Yudof: I am a deep believer in the wisdom of increasing the number of transfer students from community colleges. They do well at the university, if we do it right; they are more diverse students, [and] we are not hanging them by their numbers necessarily. If they do well at community college, we can admit them regardless of their SAT scores or high school [grade point average]. It is closer to home, community college, and it is cheaper for families in the state to have two years of community college.
There are other things along the way. The medical school at [UC] Riverside I think is very important and so far we have not secured state funding for that. A lot of our building projects, capital projects, are currently being held up; we have people working on that [and] we are hoping that the state will release funds so that as many buildings can be completed in a timely fashion.
New U: You mentioned earlier that one of the most important things in your position has been putting together a team to work with. What have been the challenges in putting together this team?
Yudof: There are a lot of challenges. No matter how bad the economy is, the best people always have job alternatives and we are trying to get really strong people, and they have jobs by and large.
So, one challenge is just to convince them to come here, and we are not located on a campus; a lot of people who work in higher education, for reasons I fully understand, would prefer to work on the Irvine campus or the Davis campus and not to be in downtown Oakland.
We also live in an environment where every time you report a decent salary, or a high salary in some eyes, there is critical media coverage, but the fact is there are different markets for people. It is just a reality of life. You have to pay more for a lawyer that you are hiring or maybe for an engineering professor than you do maybe for people holding other types of positions. So, it is an environment where people are very concerned about public expenditures and salaries, so that sometimes has been difficult.
New U: The relationship between service workers and their UC employers has been one issue that has been pretty popular within the last year. How do you feel relations between service workers and their employers have changed during your presidency?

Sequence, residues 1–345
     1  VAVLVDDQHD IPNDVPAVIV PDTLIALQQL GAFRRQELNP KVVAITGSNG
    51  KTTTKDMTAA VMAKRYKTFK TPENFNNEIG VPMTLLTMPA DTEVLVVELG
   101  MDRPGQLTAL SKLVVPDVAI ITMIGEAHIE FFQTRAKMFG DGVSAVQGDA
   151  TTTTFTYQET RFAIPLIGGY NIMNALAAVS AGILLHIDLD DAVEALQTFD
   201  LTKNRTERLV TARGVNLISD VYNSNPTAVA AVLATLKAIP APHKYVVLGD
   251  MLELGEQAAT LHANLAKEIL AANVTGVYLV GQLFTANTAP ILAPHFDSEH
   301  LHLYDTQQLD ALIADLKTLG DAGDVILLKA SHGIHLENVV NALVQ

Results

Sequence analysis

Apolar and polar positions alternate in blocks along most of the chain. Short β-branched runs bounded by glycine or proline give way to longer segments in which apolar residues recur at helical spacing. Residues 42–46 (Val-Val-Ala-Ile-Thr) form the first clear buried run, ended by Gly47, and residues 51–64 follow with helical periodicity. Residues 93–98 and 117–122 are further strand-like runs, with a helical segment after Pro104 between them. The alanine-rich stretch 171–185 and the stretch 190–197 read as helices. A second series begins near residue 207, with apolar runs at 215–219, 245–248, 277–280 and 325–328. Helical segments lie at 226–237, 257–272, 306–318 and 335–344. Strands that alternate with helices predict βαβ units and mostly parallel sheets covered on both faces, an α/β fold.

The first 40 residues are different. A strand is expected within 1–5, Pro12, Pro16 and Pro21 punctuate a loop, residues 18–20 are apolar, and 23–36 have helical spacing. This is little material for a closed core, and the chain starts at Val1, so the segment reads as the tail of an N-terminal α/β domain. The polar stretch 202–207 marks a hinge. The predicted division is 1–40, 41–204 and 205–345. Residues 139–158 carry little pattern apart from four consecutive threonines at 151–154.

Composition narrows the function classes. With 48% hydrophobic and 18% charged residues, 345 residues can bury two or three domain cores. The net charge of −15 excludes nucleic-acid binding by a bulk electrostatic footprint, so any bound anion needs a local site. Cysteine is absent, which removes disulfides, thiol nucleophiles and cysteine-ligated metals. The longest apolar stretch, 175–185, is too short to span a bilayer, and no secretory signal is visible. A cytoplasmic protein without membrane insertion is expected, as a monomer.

Yudof: It has not changed enough. It needs to improve a lot and we put out a ‘facts and myths’ memo on [the] financing of the university because there are many myths out there.
The [American Federation of State, County and Municipal Employees] leadership described the settlement as historic and generous in their press release, and it is. There will be 4 percent across-the-board raises this year. There will be no other group of employees who will get across-the-board raises.
The recent friction that you have heard about is that we were so generous in raising the entry-level salaries because we feel we have a moral obligation that our least well-off workers — we cannot bring them immediately into the upper-echelons of the middle class, but they should be treated fairly — there is some squeezing between the entry-level salaries, the minimums are so high and some of the employees who have been there for a much longer period of time. Their salaries are getting crunched together. We are discussing that with AFSCME and I think we will be able to resolve it.
We all understood we needed to resolve it, but this rhetoric about; ‘there has been a breach of contract’ is wrong [and] some of the outlandish behavior of the unions is wrong. [But] my hope is that things will settle down and we will get on a more even keel. We are negotiating with other groups, but we have to look at America today. People are being laid off [and] there are salary reductions. There may be salary reductions and furloughs here; I have not ruled that out [though] we have not done it.